Speaking to Loughner's parents, Amy and Randy, who were seated in the front row of the courtroom, Barber said, “Please know that I and my family hold no animosity toward you, and that I can appreciate how devastating the acts of your son were.”

Additional reporting by Jazmine Woodberry and David Schwartz; Writing by Steve Gorman; Editing by Will Dunham

Rubashkin appeals conviction, sentence to Supreme Court


Former Agriprocessors executive Sholom Rubashkin has appealed his conviction and sentence for bank fraud to the U.S. Supreme Court.

Rubashkin on April 2 filed a petition for writ of certiorari from the High Court. The court can decide to review the case or allow a federal appeals court ruling to stand. 

Last September, the U.S. appeals court in St. Louis denied Rubashkin’s bid for a new trial, in which he presented evidence that the original trial was unfair because of the involvement of Judge Linda Reade of the U.S. District Court for the Northern District of Iowa in planning the May 2008 federal immigration raid on Agriprocessors. The raid led to the company’s bankruptcy later that year.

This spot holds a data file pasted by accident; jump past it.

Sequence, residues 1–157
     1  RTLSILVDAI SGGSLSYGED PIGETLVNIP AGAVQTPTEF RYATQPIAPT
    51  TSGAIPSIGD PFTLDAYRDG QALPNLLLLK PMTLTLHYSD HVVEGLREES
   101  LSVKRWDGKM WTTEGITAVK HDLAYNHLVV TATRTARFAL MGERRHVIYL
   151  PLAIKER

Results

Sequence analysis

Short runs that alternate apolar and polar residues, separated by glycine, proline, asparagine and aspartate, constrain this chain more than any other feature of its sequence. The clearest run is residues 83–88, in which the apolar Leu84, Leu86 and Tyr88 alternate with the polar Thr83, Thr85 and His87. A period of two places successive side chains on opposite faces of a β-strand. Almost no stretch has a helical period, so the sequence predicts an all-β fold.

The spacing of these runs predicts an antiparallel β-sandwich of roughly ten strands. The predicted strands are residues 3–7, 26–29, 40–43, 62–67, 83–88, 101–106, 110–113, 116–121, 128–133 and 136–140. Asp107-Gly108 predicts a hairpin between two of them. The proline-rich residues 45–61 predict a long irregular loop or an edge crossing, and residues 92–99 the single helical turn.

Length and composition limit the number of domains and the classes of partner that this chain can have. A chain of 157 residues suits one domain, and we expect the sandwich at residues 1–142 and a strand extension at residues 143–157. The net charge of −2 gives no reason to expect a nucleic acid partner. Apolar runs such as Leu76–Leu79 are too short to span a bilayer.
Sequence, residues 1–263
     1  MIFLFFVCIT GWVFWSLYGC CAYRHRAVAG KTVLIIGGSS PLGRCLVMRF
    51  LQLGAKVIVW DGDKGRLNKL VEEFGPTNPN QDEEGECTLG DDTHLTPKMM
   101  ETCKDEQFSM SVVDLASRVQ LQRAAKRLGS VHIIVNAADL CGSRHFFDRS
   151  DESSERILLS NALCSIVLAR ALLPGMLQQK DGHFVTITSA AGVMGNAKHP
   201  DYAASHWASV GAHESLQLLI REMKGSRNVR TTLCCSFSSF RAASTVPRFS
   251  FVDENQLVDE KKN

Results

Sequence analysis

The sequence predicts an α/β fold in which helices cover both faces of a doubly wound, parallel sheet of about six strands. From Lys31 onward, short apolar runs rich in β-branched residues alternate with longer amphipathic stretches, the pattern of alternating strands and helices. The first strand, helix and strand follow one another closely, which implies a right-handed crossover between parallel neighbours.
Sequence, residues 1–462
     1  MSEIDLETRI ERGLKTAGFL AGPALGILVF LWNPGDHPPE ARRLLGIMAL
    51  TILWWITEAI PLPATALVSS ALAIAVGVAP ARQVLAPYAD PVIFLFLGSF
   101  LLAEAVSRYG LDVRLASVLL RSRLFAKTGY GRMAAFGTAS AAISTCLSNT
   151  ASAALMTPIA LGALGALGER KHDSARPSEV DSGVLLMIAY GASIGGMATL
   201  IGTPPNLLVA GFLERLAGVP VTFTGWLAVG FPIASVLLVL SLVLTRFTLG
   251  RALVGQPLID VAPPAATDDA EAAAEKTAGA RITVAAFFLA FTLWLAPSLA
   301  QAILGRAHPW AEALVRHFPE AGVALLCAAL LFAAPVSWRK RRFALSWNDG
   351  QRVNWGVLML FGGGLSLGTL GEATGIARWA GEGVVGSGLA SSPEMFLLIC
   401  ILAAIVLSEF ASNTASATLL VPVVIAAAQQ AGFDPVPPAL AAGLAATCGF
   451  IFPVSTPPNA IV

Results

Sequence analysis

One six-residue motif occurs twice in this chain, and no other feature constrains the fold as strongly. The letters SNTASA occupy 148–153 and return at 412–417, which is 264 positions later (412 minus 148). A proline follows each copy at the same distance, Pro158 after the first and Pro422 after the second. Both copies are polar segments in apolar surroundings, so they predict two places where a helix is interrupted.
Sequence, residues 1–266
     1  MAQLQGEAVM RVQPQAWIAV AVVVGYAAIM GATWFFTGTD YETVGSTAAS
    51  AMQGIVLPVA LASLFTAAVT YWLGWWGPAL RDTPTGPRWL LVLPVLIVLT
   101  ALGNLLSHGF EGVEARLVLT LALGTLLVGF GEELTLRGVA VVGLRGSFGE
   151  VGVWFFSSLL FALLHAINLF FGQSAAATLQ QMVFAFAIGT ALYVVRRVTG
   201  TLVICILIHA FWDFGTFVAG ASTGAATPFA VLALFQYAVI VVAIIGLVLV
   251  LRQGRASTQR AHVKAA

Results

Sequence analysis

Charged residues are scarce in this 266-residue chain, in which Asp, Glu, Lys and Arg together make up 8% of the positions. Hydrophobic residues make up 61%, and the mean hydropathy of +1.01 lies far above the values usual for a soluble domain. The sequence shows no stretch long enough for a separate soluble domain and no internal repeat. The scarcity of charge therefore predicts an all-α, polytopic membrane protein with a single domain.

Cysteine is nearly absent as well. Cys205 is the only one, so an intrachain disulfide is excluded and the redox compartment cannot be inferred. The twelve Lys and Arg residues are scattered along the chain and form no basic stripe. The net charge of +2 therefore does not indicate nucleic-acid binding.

Rubashkin, who headed what once was the nation’s largest kosher slaughterhouse and packing plant, in Postville, Iowa, was convicted on 86 counts of financial fraud in 2009 and sentenced to 27 years in prison. Rubashkin is in a federal prison in New York state.

Rubashkin also is appealing to the Supreme Court to shorten his 27-year sentence, which the appeals court upheld as “reasonable.” Rubashkin says it violates federal sentencing laws for a first-time, nonviolent offender. In the federal raid on the plant in May 2008, 389 illegal immigrants, including 31 children, were arrested.